BBA, Cooper can’t get enough of AEG and Leiweke
CPUC’s Simon, others will also be feted at awards dinner
Earl “Skip” Cooper, president of the Black Business Association, is high on the Anschutz Entertainment Group and, ipso facto, Timothy J. Leiweke, its president and CEO.
That’s one reason why the BBA is presenting its President’s Award to AEG on Thursday at its 37th Annual Awards Dinner at the Omni Los Angeles Hotel at the California Plaza in downtown Los Angeles. California Public Utilities Commission’s Timothy A. Simon is the keynote speaker and will receive the Chairman’s Award. Wells Fargo Bank & Co. will receive the Majority Corporation Award, the Johnson Products Co. will receive Business of the Year Award and Anthony Asadullah Samad, Ph.D., OurWeekly columnist and managing director of the Urban Issues Forum will receive the Community Advocate Award.
“I feel the city of Los Angeles owes a debt of gratitude to AEG and the leadership of Tim Leiweke for what they have created for the city and downtown Los Angeles,” said Cooper. “They have injected a new lifeblood and vitality that is growing throughout the city. Those things go far beyond what’s on the surface.”
Years down the road, Cooper believes, others will consider the enormity of AEG’s vision and be amazed. He further credits AEG for bringing the city “hundreds of millions of dollars in jobs,” which is no mean feat in economic hard times.
So it’s no secret that the BBA is fully behind the Farmers Field proposal that AEG has made to the city to draw in a National League Football team. AEG’s plan calls for the city to issue $350 million in bonds to pay for the creation of the new replacement hall for the existing and outdated West Hall, which would be rebuilt in another section. The bond would be paid back by new taxes created by Farmers Field. The company also pledges that it would guarante the payment of any shortfall in tax funds, resulting in no cost to the taxpayers of Los Angeles.
For those who have not visited it, L.A. Live is the 4-million-square-foot sports and entertainment district adjacent to the Staples Center. The district, which encompasses six blocks, features the 7,100-seat, state-of-the-art Nokia Theatre Los Angeles, Club Nokia, the ESPN West Coast broadcast center headquarters, office space, restaurants, a cinema and other downtown amenities.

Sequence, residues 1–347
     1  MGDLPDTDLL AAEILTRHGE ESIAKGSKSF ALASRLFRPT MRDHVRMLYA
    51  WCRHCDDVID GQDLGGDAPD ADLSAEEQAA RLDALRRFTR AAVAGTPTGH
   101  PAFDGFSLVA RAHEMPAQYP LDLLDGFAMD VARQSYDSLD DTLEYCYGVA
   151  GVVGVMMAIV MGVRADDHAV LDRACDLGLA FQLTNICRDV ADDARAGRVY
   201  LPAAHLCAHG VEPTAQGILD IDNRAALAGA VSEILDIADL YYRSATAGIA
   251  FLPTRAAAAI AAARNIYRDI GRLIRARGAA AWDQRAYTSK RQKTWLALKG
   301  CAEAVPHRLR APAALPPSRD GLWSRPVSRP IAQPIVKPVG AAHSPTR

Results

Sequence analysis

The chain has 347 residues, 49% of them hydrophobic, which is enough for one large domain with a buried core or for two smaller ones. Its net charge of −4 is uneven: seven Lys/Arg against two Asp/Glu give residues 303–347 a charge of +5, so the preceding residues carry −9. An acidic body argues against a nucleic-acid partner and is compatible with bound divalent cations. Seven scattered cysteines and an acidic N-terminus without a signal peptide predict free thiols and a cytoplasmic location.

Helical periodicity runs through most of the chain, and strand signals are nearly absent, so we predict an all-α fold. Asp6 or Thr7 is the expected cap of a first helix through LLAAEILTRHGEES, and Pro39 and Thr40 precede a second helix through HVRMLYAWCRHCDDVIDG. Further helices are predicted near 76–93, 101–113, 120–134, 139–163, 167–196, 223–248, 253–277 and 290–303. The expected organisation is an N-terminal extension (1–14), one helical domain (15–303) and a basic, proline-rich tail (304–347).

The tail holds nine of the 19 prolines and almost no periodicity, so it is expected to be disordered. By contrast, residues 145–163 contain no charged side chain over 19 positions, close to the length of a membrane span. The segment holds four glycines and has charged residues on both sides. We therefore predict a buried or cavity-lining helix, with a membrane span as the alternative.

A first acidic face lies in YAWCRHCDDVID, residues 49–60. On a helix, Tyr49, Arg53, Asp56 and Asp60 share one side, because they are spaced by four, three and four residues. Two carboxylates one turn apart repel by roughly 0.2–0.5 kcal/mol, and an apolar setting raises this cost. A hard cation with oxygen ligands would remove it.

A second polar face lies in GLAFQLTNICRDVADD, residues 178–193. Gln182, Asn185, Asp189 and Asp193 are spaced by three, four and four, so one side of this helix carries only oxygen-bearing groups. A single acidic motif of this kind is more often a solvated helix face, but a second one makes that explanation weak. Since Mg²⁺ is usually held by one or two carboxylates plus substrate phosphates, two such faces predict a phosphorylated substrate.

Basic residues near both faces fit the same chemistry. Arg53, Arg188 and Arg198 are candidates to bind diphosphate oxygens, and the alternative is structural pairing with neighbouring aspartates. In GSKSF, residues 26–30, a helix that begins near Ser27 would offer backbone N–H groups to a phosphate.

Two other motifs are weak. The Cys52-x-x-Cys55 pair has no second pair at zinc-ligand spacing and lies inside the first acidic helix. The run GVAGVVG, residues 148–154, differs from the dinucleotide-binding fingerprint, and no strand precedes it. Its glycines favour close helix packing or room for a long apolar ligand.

But in the midst of it all stands the imposing 1,100-room, 56-story convention JW Marriott-Ritz Carlton hotel.
The potential Anschutz Entertainment Group (AEG) football stadium for downtown Los Angeles would spur major economic development and finance for the local economy, and in particular, for minority and small businesses. I strongly applaud the efforts of AEG, as well as Farmers Insurance Exchange, in their commitment to this historical project. The proposed football stadium will be dubbed Farmers Field under a naming-rights agreement announced by AEG.
Winners at the 37th Black Business Association Los Angeles awards dinner held June 2 show off their plaques. From left are Cecil House representing Southern California Edison, winner of Majority Corporation of the Year; Timothy J. Leiweke, president of AEG developers of L.A.
LOS ANGELES, Calif.—The company that owns Staples Center and is the driving force behind an effort to build a professional football stadium in downtown Los Angeles announced today it is being put up for sale.
Anschutz Entertainment Group, a subsidiary of the Anschutz Co. owned by Denver billionaire Philip Anschutz, also owns the Stanley Cup champion Los Angeles Kings and Major League Soccer champion Los Angeles Galaxy and has a stake in the Los Angeles Lakers. It also owns the L.A. Live entertainment complex in downtown Los Angeles and the O2 arena in London.
The nation’s second largest market is called, among other things, the “City of Dreams.” Whatever you want, whatever you can think of … you can get it here in Los Angeles. Everything except one thing—a National Football League team.
At West Angeles Church of God in Christ a passionate Tim Leiweke took off his coat, threw it aside and tore into his subject.
Bishop Charles E. Blake, the pastor, sat on the front row in the church’s Crystal Room, and it’s possible he thought Leiweke had missed his calling.
The fire and the fervor were there, and so was a packed house of believers.
What had gotten the man of AEG so fired up? Was it football? Was it Farmers Field?
No, said Leiweke, president and chief executive of the entertainment conglomerate.